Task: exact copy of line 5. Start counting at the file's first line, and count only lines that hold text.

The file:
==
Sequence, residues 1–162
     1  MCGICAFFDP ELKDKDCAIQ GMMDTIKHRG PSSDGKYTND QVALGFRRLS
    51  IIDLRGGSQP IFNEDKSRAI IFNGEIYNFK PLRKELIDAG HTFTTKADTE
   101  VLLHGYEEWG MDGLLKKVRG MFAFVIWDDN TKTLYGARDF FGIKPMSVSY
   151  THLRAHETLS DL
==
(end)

   151  THLRAHETLS DL